Mr. Davis is also considering the urgent need of Greece for wheat. The Turkish authorities might be persuaded to permit wheat to be shipped to Greece immediately from their own meager supplies if assured that an equivalent amount of wheat, in replacement, would be sent to Turkey at an early date. The Turkish Government has shown a desire to do what it can for the relief of Greece, and has been deeply moved by an appeal of the refugee Greek authorities to send to Greece even “fish heads and scraps which the Turks would not eat”. The Turks, however, have barely enough wheat for their own urgent needs. I recommend, subject [Page 729]to your approval, that we inform Mr. Davis that this Government looks with favor, in principle, on arrangements for sending wheat to Greece from Turkey against an undertaking, if necessary, by the Red Cross to replace the wheat shipped from Turkey.

Faithfully yours,

Cordell Hull
[Enclosure]

Draft of Letter From President Roosevelt to the Greek Prime Minister (Tsouderos) 9

My Dear Mr. Prime Minister: The distressing situation which exists today in your noble country, depicted in your recent letter, moves me very deeply indeed. The information you report is similar to that which other sources have confirmed all too unmistakably. No further evidence is necessary to convince any humane person, whatever his allegiance, that countries which have been overrun by Axis tyranny, and notably Greece, are in desperate want, and should be aided by every feasible means.

The American Government has given serious consideration to proposals for furnishing relief to Greece, has cooperated in arrangements for sending food supplies from Turkey, and is at present giving active attention to suggestions for more adequate relief.

Our endeavors to aid Greece are limited by the necessity of avoiding any action which would assist the Axis Powers. The unconscionable actions of the Axis forces in despoiling Greece are beyond adequate condemnation. As you are doubtless aware, Hitler has boasted to the world of Germany’s resources of food at the very moment he was giving orders for the removal from Greece of the meager supplies which were available to the people of that country. We should not lose sight for one moment of the full responsibility of the Axis for the situation existing in occupied territory and of the crimes which should be on the consciences of those who have ordered and those who have carried out measures which have taken even the grain seed away.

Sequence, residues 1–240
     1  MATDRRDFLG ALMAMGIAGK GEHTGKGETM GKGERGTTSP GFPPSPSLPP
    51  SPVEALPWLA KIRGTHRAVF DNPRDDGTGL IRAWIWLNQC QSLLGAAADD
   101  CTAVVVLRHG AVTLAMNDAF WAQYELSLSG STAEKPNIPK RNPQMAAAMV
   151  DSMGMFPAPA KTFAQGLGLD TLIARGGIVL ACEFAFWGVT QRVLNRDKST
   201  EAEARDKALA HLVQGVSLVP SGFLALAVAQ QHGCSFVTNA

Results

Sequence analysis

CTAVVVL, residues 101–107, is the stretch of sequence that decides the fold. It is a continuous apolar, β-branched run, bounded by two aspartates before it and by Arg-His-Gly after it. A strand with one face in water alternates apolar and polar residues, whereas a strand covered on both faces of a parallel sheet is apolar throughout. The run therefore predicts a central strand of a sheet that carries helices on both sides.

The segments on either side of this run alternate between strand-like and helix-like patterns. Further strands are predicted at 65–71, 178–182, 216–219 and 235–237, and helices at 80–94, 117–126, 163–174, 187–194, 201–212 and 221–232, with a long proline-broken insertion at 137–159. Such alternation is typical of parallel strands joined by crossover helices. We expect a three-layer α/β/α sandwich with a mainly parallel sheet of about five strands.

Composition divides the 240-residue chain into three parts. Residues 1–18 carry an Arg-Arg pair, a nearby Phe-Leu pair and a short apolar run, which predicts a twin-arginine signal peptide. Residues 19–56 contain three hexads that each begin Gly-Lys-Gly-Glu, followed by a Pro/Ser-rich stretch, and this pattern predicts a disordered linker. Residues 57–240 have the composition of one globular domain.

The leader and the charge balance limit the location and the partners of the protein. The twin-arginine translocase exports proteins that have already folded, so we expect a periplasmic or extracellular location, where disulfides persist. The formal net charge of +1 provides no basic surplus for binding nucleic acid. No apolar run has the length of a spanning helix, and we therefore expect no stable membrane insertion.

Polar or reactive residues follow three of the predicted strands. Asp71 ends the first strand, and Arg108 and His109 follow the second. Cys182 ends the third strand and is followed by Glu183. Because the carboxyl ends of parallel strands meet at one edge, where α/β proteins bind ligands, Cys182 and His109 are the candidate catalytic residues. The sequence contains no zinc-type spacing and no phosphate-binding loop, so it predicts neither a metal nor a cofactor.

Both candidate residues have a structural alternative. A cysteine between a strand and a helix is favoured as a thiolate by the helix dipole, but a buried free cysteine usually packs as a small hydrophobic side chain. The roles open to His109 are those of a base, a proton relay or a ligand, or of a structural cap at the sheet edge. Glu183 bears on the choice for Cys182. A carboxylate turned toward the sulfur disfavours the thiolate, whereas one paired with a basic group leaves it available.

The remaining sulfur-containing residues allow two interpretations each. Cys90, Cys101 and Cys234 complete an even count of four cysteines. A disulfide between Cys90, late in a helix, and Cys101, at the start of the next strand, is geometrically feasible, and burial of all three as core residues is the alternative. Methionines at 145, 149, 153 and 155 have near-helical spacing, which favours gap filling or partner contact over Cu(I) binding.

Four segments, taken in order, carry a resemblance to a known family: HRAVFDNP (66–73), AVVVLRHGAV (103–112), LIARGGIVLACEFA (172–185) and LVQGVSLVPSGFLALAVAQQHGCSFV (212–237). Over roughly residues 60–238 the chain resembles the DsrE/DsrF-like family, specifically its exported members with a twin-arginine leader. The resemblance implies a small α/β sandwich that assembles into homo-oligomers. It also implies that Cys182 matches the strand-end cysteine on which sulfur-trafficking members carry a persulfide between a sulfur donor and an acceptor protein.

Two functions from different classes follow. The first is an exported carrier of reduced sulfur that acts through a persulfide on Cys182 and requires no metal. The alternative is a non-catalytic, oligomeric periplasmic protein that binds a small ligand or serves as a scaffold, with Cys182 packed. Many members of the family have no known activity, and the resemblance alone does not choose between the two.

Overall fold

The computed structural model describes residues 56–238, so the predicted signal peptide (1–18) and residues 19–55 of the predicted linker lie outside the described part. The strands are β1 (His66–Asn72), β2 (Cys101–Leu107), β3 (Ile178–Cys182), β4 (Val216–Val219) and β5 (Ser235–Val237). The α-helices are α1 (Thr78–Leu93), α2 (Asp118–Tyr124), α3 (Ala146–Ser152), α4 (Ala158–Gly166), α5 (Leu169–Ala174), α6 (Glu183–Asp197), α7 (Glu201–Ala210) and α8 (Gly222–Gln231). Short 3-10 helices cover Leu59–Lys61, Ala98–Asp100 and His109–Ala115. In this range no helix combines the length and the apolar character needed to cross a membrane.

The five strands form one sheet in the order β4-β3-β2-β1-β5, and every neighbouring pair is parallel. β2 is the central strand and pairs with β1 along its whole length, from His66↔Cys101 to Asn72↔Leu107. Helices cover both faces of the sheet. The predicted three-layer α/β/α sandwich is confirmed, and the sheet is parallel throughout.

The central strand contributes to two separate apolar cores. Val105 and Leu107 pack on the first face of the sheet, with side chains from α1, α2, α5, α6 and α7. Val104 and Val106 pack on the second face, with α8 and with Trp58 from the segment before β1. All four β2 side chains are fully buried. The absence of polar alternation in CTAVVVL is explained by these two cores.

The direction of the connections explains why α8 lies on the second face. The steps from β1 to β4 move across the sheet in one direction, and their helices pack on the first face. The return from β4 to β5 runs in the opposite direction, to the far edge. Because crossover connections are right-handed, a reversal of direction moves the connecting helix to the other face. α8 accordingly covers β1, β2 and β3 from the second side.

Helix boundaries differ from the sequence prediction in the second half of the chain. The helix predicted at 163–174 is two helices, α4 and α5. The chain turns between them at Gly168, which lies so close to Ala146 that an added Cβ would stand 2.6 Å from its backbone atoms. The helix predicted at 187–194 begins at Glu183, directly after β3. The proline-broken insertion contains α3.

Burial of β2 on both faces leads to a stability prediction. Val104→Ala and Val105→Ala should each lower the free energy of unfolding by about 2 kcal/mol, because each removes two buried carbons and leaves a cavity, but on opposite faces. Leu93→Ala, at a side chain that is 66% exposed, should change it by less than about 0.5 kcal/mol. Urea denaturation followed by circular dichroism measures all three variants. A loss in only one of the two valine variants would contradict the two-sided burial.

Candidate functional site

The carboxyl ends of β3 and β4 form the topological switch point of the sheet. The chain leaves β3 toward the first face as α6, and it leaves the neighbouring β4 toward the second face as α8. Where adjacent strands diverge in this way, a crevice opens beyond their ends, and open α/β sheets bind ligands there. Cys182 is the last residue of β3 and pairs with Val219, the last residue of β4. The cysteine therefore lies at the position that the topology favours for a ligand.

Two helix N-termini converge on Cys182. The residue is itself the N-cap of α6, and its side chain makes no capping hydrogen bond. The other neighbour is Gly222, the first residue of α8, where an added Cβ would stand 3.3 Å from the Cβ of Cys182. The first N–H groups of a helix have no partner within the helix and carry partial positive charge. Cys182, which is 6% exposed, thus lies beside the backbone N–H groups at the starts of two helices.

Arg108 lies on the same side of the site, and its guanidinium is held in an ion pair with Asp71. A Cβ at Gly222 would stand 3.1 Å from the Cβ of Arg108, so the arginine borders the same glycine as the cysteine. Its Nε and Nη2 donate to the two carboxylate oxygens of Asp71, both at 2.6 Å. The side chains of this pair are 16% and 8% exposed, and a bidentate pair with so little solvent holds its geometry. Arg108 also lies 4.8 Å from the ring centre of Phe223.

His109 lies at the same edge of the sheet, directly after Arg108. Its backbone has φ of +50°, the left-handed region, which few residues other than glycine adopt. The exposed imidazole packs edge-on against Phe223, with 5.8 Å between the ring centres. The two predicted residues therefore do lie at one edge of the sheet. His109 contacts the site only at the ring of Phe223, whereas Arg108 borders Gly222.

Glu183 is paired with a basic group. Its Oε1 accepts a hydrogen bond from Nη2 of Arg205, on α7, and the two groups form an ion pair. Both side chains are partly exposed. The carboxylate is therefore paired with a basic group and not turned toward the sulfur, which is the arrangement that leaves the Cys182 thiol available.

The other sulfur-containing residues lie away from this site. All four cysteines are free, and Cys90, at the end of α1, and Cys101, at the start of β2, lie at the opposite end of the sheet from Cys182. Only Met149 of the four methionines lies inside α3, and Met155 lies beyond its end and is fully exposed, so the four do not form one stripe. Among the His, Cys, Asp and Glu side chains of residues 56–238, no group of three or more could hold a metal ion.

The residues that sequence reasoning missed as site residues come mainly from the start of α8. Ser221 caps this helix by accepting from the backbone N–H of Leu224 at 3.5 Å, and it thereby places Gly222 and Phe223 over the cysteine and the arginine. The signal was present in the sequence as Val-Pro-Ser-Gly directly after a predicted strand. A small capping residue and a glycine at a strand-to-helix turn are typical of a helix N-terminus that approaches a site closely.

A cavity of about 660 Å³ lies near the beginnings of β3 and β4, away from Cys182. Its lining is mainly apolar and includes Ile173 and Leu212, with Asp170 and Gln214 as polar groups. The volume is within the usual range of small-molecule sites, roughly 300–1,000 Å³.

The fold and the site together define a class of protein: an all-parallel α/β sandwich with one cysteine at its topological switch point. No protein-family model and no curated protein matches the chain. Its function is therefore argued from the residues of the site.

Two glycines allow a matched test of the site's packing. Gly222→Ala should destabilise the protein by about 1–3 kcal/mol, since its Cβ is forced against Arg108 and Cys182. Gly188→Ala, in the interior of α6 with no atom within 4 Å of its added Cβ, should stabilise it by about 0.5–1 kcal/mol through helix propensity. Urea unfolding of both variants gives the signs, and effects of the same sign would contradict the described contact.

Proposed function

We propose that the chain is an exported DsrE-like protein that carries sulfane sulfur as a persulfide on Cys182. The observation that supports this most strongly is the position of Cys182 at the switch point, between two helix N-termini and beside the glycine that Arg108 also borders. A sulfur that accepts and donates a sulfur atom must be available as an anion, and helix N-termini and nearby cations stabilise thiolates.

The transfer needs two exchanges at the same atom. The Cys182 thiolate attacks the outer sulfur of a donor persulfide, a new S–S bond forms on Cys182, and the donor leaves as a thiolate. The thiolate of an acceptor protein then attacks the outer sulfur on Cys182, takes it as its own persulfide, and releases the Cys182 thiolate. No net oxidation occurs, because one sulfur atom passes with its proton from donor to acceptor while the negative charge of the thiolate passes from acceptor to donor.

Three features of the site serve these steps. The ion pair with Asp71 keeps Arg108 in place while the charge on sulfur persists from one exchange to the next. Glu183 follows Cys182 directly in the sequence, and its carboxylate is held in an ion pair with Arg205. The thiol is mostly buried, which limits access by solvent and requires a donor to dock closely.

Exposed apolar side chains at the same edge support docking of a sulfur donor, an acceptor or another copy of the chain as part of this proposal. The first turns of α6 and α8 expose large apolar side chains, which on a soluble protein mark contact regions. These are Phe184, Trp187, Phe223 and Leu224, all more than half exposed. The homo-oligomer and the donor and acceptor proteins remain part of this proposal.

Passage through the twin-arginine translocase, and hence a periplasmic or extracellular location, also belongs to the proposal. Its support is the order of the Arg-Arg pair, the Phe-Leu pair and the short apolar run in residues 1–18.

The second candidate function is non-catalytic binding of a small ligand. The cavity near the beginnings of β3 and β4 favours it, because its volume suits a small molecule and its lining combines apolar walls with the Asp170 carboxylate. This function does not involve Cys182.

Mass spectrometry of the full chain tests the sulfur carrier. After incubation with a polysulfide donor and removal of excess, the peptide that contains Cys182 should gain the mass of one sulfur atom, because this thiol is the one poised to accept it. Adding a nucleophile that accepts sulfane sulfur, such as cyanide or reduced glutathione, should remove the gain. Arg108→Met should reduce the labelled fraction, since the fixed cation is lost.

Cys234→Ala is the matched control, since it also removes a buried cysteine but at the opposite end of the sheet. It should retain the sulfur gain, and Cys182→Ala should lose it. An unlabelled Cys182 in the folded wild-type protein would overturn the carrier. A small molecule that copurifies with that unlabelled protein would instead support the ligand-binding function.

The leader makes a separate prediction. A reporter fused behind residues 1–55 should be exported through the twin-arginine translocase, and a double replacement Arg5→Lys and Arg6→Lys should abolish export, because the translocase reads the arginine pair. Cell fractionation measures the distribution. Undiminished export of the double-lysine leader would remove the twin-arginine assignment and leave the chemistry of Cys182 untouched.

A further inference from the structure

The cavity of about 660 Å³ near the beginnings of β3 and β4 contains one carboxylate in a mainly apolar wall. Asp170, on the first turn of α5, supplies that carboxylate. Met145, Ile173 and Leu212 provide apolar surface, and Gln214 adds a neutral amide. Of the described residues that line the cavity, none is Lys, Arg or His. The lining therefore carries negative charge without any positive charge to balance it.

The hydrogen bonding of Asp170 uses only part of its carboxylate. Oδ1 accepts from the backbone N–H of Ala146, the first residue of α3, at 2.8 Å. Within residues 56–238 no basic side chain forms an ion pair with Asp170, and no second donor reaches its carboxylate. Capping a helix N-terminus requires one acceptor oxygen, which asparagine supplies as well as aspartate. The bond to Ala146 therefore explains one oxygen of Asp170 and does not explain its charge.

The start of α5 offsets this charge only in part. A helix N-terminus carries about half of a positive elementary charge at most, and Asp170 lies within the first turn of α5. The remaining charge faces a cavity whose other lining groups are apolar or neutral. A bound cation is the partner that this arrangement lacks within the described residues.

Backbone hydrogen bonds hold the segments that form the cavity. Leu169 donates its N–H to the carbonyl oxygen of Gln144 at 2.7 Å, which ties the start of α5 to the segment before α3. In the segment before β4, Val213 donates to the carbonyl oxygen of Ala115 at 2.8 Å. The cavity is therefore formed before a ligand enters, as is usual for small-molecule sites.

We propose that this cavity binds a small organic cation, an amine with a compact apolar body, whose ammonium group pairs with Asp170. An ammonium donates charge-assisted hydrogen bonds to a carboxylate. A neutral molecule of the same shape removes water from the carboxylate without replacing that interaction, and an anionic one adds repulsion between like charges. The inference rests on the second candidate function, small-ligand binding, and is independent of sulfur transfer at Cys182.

I concur, however, in your view, Mr. Prime Minister, that the fact that the Axis powers have every duty to feed the peoples over whom they have extended their domination does not alter the fact that the people are in desperate need. The American Government will continue its efforts to find a means of bringing aid to the Greeks in their tragic plight without compromising the prime [Page 730]objective; namely, victory over the Axis powers. This objective is as vital to the Greeks as to ourselves, since Greece can be fully relieved only through such victory.

Very sincerely yours,

  1. Notation on original: “CH OK FDR.”
  2. Ante, p. 725.
  3. Supra.
  4. Chairman, American Red Cross.
  5. Letter not printed.
  6. Filed separately under 868.48/2012. A penciled notation by Mr. George V. Allen of the Division of Near Eastern Affairs states this letter was signed by President Roosevelt on December 31, 1941.